The Lives and Loves of French Mistresses and Their Masters
Over drinks Sunday evening with author David Downie (“Paris, Paris: Journey into the City of Light,” Transatlantic Press, 9/2005), the conversation transitioned from discussing former French president François Mitterand’s “follies” now that we’ve just passed the 10th anniversary of Mitterrand’s death (January 8, 1996), to Mitterand’s “mistresses.” The “follies” being the “Grands Projets” he left on the Paris landscape — the Pyramide du Louvre, the Bibliothèque Nationale, the Arche de la Défense and the Opéra de la Bastille. In Downie’s recent book, his essay titled appropriately “François’ Follies” scoffs at his attempts to position himself in our memories as “‘Pharaoh,’ ’emperor’ and ‘king.'”
Although these monuments may have left an undeniable mark by Mitterand, for all their assets and liabilities on which each of us seems to have an opinion, what comes first to my mind is the scene at his funeral when under a steady drizzle, Mitterrand’s wife Danielle and their two sons stood side-by-side with the ex-President’s natural daughter Mazarine and his longtime mistress Anne Pingeot. The next day, the picture of wife and mistress on the front pages of the press caused outrage amongst the French, not because of the spectacle but that the media had intruded on such a private affair! To top it off, Mazarine is apparently now changing her name to Mazarine Pingeot-Mitterand, as she announced two weeks ago in an interview on France 2.
Juxtapose this with the U.S. scandal when former President Bill Clinton dared to deny his affair with White House intern Monica Lewinsky, and caused moral outrage across the country. Headlines here in Europe presented it as prudish: “To world-wise, sophisticated Europeans, the spectacle is a curious sideshow and another reason to mock and disdain the puritan morals of their American counterparts.” (Andreas Gerstlauer) I must admit, we here on this side of the Atlantic got a good chuckle from what seemed an absurdly bad use of time, money and media.
The role of the mistress in France has always been something of a celebrated institution. Being a king’s official mistress had great compensations. Louis XV’s mistress for 20 years, Madame de Pompadour, was installed in a sumptuous purpose-built apartment in the Palace of Versailles, adorned with great works of art. Wikipedia, the online free encyclopedia, notes French royal mistresses like a laundry list to include such revered women as Diane de Poitiers, mistress of Henry II and Madame du Barry, mistress of Louis XV.
But what’s good for the gander is good for the goose, no? If French men are openly taking “mistresses,” then are French women openly taking “lovers?” (Thank goodness, we don’t call them “masters!”)
In another of Downie’s essays, Coco Chanel, who was one of France’s greatest fashion queens, writes that she was “…a man-eater, an extreme conservative/right winger, probably anti-semitic, a friend and lover of Nazis. So, a great mistress, a great designer and a problematic historical figure.” Downie explains, too, that “Unloved, she lived for love.” Her “pet celebrities” included the likes of Igor Stravinsky, Pablo Picasso and Jean Cocteau.
Last week at a reading at The Village Voice English Language Book Store, Hazel Rowley, author of “Tete-a-Tete: the lives and loves of Simone de Beauvoir and Jean-Paul Sartre,” spoke about this legendary couple and their free-thinking, existentialist, philosophical, notoriously, controversial lives and loves. Beauvoir (affectionately called “the Beaver” by Sartre) and Sartre were equal in their tempestuous affairs while they committed themselves wholeheartedly to one another.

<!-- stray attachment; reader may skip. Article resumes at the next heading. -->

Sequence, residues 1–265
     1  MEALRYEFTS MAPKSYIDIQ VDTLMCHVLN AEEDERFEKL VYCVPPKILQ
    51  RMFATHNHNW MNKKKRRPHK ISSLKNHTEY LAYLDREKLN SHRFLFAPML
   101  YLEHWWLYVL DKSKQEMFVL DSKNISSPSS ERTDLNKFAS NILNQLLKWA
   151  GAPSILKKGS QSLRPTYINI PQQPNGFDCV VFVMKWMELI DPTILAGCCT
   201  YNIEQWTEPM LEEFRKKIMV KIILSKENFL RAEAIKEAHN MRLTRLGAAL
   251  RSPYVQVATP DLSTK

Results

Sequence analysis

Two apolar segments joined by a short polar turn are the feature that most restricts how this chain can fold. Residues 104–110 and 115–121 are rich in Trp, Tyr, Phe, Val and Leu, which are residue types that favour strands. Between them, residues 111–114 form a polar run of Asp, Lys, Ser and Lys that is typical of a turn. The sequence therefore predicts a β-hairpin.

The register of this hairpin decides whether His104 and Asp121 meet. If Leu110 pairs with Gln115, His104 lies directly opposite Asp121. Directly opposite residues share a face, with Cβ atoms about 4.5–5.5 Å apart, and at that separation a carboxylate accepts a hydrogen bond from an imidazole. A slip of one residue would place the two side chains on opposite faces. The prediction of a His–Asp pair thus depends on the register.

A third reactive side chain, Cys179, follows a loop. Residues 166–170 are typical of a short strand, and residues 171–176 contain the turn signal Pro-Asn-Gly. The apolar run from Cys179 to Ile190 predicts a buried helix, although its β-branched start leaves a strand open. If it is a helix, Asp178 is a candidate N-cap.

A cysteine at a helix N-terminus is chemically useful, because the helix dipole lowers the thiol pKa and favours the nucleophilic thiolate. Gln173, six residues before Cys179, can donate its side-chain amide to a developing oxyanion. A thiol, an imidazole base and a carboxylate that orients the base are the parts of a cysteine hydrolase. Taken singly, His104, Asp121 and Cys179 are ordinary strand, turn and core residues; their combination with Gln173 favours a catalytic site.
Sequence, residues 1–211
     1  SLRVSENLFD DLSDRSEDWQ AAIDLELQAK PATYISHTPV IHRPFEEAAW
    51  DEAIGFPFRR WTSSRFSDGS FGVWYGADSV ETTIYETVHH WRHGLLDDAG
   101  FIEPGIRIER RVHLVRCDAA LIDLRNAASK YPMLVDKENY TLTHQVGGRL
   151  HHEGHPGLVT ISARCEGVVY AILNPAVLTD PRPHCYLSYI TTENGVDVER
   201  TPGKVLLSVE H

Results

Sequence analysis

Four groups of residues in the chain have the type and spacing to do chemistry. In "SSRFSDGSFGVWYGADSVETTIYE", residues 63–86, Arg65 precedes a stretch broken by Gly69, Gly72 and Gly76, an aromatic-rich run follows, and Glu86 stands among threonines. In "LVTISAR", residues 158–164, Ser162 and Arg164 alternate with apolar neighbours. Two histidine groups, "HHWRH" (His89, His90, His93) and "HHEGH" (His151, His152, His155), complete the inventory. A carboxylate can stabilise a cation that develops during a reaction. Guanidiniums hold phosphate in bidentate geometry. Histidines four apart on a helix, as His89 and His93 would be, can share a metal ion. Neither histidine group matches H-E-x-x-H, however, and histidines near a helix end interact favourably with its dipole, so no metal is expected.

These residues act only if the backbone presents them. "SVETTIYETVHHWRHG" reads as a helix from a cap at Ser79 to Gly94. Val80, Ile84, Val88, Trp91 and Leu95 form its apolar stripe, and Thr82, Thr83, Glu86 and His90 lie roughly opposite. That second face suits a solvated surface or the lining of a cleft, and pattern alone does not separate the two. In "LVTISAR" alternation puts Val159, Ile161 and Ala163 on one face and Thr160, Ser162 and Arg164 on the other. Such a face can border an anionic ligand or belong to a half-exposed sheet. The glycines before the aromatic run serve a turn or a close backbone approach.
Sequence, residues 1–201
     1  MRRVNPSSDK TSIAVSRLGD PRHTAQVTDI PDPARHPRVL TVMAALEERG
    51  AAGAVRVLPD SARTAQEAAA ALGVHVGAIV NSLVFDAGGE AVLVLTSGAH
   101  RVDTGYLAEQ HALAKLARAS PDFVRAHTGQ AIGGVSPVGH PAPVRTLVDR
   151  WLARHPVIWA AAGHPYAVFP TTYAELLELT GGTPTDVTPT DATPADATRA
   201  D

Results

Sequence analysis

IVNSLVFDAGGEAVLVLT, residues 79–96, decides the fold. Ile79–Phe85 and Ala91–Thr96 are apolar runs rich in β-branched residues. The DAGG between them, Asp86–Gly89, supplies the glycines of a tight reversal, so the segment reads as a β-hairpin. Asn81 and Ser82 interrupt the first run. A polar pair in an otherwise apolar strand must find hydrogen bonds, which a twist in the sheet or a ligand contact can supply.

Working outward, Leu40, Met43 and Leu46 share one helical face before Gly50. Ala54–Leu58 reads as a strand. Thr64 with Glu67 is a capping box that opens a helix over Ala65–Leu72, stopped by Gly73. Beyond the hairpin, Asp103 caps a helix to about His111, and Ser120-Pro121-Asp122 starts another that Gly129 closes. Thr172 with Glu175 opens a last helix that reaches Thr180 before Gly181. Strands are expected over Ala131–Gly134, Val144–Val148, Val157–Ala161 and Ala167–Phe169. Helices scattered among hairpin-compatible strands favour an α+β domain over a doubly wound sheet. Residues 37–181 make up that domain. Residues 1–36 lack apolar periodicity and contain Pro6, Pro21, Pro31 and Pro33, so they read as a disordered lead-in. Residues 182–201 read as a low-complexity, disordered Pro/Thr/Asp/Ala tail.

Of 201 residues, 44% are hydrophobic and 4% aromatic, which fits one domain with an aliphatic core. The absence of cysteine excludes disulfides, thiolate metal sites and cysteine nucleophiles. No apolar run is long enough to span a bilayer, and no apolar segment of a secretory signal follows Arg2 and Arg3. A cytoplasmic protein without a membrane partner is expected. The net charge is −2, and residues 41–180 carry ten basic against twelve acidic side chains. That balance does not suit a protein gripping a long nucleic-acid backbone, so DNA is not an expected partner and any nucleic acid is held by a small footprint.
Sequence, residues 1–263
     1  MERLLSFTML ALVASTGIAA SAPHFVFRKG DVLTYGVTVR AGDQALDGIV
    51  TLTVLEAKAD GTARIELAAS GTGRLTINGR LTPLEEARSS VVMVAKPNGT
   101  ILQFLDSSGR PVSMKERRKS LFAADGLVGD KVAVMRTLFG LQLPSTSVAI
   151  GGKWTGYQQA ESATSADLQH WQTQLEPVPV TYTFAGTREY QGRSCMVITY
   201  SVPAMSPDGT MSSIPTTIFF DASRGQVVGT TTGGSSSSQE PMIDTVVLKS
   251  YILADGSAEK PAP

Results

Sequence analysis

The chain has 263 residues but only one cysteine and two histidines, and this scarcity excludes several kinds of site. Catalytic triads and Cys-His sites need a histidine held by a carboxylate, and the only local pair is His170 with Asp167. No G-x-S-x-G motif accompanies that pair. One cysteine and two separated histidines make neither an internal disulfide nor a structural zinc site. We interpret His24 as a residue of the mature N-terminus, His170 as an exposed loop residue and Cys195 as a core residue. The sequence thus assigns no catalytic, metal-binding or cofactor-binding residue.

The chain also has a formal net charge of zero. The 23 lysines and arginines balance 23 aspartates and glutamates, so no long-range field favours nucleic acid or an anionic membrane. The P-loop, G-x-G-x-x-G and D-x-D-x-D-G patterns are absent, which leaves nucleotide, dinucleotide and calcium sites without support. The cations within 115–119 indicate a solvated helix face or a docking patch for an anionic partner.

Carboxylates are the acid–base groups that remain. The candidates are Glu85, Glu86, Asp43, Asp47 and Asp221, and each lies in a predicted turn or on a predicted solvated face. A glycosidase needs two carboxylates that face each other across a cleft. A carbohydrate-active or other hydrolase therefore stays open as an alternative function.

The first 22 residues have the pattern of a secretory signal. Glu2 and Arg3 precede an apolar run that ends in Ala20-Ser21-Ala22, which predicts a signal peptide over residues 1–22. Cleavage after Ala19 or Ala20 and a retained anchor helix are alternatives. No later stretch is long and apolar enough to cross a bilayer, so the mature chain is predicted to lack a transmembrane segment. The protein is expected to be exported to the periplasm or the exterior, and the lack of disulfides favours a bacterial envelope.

I found it fascinating that when reading through the reviews on Rowley’s latest biography, that the male reviewers took a rather prudish stand: “…their double-dealing mendacity looks better if you hide it behind philosophical jargon…,” while the female reviewers saw the value in their equal relationship: “…a rare attitude at a time when it was frowned on for women to go to cafés, let alone bars. He wouldn’t marry her, but he wanted her to act as freely as he did. They pledged to have an open relationship, in which they would tell each other everything and have other loves, but these would always be ‘secondary,’ while their own was absolute.
In the recent film “Brokeback Mountain,” just released this past week in Paris, whose tagline is “Love Is a Force of Nature,” E. Annie Proulx’s story about a forbidden and secretive relationship between two cowboys and their lives over the years, takes on an even newer definition of “mistress!”
And here I sit as a single woman after more than a decade in France of personal struggles with multitudes of cultural crossings, I ponder the question of how I really feel about fidelity. With Simone de Beauvoir, I must agree: “On the day when it will be possible for woman to love not in her weakness but in strength, not to escape herself but to find herself, not to abase herself but to assert herself — on that day love will become for her, as for man, a source of life…”
A la prochaine…
Editor, Parler Paris
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P.S. Authors David Downie and photographer wife Alison Harris of “Paris, Paris: Journey into the City of Light” will be speaking about their viewpoint of Paris over dinner at Chez Jenny at the Living and Investing in France Conference on March 18, 2006. Dinner is included in the price of the conference for all attendees, but open to the public, so you are invited to attend. Click here for more details and to register or reserve your place.
P.P.S. Visit /parlerparis/books/index.html to learn more about these authors, their books and how to purchase them online.
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